CHINA - Taco Bell Corp, the Mexicaninspired restaurant chain, has opened its first Taco Bell restaurant in China, joining the Yum Brand’s KFC and Pizza Hut franchises in the country. The inaugural restaurant, located near Shanghai’s Oriental Pearl Tower in the city’s central business district, is Taco Bell’s latest international market entry as it aims to reach 1,000 restaurants internationally by 2022. “Building restaurants in new international markets is a key component to the overall growth and evolution of Taco Bell and we’ve just scratched the surface of our global unit expansion potential,” said Brian Niccol, CEO of Taco Bell Corp. “The opening of this Taco Bell restaurant in China is an exciting milestone for the brand as this market holds tremendous growth potential. We look forward to supporting Yum China as it builds Taco Bell’s presence in the country.” The menu features the brand’s favorites that have been adapted to local tastes. The company has created new sauces used in new products like the Shrimp and Avocado Burrito, which is unique to Taco Bell restaurants in China. Customers can also order shared plates featuring seasoned nacho chips, spicy fried chicken, and Mexican fries. The meals are made-to-order in a transparent, open kitchen where fans can see their food being handmade, driving the point of a company committed to openness to beat lingering food safety issues that have hit other US stores in the country. 14



Coca-Cola India reorganizes its franchise business structures, appoints Gill boss

INDIA – Coca-Cola India has announced a new organization structureCourtesy: in the AB-InBev country that have the potential to convert India into a “single” national market, in line with the economic reforms in the country. “Under the new operating structure effective January 2017, the franchise management function of Coca-Cola India has been organized for geographical synergies instead of bottling territories,” said Venkatesh Kini, President, Coca-Cola India and South West Asia as he announced the new structure. “We are ready to embrace India as one national market with common commercial metrics, marketing calendars and market execution standards. This will drive productivity, reduce duplication, leverage technology, enable digitization and capitalize on our distribution scale,” he added. According to the company, the new structure will also enable the business to be a growth engine by capitalizing on emerging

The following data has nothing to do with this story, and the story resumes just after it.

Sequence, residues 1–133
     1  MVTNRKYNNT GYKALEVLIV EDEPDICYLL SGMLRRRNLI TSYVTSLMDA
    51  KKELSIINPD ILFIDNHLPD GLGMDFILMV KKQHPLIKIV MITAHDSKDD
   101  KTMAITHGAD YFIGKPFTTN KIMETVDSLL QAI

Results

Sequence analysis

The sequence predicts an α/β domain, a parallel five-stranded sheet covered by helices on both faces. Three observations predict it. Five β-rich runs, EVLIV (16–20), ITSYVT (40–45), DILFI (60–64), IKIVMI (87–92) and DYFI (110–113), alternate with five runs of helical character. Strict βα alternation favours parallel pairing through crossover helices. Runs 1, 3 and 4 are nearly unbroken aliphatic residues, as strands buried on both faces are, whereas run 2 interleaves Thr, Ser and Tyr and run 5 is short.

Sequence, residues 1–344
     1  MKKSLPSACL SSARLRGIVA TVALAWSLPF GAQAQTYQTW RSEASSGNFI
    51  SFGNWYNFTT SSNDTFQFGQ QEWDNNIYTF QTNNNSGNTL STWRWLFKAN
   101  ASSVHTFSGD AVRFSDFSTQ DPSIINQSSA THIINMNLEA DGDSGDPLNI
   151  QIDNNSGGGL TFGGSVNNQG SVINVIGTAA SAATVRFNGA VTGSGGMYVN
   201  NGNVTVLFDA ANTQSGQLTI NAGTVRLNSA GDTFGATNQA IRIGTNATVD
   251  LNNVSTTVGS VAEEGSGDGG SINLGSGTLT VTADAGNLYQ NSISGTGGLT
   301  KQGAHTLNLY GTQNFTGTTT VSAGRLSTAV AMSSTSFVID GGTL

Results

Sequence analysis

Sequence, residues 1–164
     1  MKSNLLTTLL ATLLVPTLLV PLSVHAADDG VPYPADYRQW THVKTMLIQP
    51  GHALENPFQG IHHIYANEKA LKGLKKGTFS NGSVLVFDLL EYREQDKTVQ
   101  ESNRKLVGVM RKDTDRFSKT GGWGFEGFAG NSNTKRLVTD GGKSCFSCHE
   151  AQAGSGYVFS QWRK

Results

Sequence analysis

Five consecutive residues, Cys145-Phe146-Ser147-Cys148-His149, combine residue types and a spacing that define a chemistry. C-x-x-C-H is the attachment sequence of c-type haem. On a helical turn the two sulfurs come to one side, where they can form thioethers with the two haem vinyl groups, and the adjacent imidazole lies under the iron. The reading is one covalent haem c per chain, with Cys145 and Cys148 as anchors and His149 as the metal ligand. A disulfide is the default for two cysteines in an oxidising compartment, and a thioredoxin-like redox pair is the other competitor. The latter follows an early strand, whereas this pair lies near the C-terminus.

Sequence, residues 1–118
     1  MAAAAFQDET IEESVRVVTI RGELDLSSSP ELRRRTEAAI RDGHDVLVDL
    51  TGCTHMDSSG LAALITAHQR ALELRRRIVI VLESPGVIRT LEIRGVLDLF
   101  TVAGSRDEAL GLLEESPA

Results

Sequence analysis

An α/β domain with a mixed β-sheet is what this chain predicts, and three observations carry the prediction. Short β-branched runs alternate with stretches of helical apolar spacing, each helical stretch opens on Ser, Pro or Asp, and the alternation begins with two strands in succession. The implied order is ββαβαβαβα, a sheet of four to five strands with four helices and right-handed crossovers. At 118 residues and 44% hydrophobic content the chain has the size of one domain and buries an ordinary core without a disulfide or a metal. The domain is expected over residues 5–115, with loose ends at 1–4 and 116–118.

opportunities like e-commerce, modern trade, new beverages and digitization, while continuing to build on its wide reach in traditional trade. Coca-Cola India operates with 14 bottlers of The Coca-Cola Company in India, one of which is a Company owned bottling entity, Hindustan Coca-Cola Beverages Pvt Ltd. The new structure is only applicable to Coca-Cola India. Shehnaz Gill, a 12-year veteran of Coca-Cola has been appointed to the newly created role of Senior Vice President Operations for India. He will serve as the Franchise Head for all the 14 bottlers operating in India and will report to Venkatesh. Shehnaz will be assisted in his operational duties by Ravinder Singh Bhatia, Region Director North; Ashish Jain, Region Director, Delhi NCR; Alka Shukla, Region Director, Uttar Pradesh; Arpita Maitra, Region Director, East; Alok Kohli, Region Director, Central and West and Vikas Sunkad, Region Director, South. The company owned Hindustan CocaCola Beverages Pvt Ltd will continue to operate through its five Zonal Vice Presidents and Executive Director, Operations. Shehnaz joins the Indian operations from Coca-Cola Refreshments, USA where he led Upstate New York & Pennsylvania Market Unit as General Manager and Vice President.